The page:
Tory Exam Revamp Causing Chaos In Education System

by Morning Star Online, August 18, 2017

TEACHERS and students have “struggled to get to grips” with changes to A-level exams, unions warned yesterday as school leavers collected their results.
The national proportion of As and A*s rose for the first time in six years, with boys scoring better than girls for the first time in almost two decades.
The Tories have pushed through an extensive shake-up of 13 A-level subjects in England, ditching coursework and modular tests in favour of final exams.
There has been a drop in top results among these subjects, according to official stats.
Association of Teachers and Lecturers policy adviser Jill Stokoe warned: “Rushing in exam reforms has meant that schools have had little time to prepare, and this year teachers and pupils have struggled to get to grips with the changes to A-levels, with no practice exam papers, fewer available textbooks and no mark-schemes.”

Top A-level grades rise but more pupils shun university

by Express.co.uk, August 18, 2017

And for the first time in many years, boys outperformed girls in the top grades, according to the Joint Council for Qualifications.

But education experts said there was a “buyer’s market” for university places, with thousands unfilled as applications fell by four per cent.

As teenagers received their results across the country, the overall pass rate dipped slightly by 0.2 per cent.

But more than one in four (26.3 per cent) of A level entries scored an A* or A this summer, up 0.5 percentage points on 2016.

Figures showed that 8.8 per cent of boys’ entries were awarded A* compared with 7.8 per cent of girls’. Overall, for both A* and A grades, boys were ahead for the first time, with 26.6 per cent of entries compared with 26.1 per cent for girls. Girls were ahead by 0.3 percentage points in 2016.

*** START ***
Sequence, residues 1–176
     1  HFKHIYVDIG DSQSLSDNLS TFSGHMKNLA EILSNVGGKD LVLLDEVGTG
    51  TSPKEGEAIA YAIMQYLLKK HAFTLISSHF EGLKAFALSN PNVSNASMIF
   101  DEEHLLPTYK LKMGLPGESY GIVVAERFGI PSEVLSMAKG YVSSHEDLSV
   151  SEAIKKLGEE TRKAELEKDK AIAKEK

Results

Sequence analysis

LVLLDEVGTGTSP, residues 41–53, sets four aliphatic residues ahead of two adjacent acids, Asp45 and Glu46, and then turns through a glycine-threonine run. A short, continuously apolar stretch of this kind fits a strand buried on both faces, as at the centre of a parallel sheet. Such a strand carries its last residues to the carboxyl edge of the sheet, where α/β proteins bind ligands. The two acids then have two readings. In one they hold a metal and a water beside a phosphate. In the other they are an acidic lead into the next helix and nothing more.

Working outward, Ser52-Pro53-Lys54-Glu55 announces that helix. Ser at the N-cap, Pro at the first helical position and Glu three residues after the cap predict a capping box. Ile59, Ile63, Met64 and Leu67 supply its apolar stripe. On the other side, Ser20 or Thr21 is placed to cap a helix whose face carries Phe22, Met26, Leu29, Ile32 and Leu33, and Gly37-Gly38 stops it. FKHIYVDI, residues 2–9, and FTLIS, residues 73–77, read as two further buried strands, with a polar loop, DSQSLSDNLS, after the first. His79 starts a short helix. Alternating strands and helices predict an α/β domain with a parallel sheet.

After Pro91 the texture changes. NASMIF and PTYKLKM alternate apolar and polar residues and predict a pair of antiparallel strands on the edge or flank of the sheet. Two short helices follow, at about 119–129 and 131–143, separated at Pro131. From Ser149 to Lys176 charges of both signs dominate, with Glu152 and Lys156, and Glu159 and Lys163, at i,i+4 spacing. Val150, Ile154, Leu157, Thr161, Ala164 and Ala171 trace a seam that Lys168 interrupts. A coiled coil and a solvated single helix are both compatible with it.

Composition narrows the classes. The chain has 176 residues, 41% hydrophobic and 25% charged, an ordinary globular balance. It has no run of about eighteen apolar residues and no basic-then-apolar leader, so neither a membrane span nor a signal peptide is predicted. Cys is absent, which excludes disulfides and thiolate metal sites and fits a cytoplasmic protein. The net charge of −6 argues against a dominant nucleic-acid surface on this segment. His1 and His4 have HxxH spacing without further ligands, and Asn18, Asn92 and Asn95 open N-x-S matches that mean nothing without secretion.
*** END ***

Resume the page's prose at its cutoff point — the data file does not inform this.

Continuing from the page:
Experts had predicted the recent return to end-of-course exams rather than coursework and continuous assessment would benefit boys.

BBC host skewers Jo Johnson over 'Ponzi scheme' university fees
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For the first time in many years, boys outperformed girls in the top grades
Professor Alan Smithers, of the Centre for Education and Employment Research at Buckingham University, said earlier reforms in 2000 had “led to a big gap opening in favour of girls” who tend to work hard throughout courses.

With the universities I’d had offers from it would have been £30,000 in just university fees
Joy Shepheard-Walwyn
But while top grades rose, university applications fell by four per cent and calls to clearing placement service UCAS were also down.

UCAS said 416,000 places had been confirmed – down two per cent on last year.

The burden of student debt played a part in one talented school-leaver’s decision to pick an apprenticeship over university.

Joy Shepheard-Walwyn opted for a two-year management consultancy scheme with accountants PwC. Joy, who attends Birmingham’s King Edward VI High School for Girls, got an A* in maths and English literature, A in Russian, C in further maths and A in AS level French.

Top 10 universities for producing millionaires
Thu, August 17, 2017
Top 10 universities in the UK: From Cambridge to Manchester, see which universities have made the most millionaires according to Verdict.




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Top 10 UK universities for producing millionaires
Top 10 universities for producing millionaires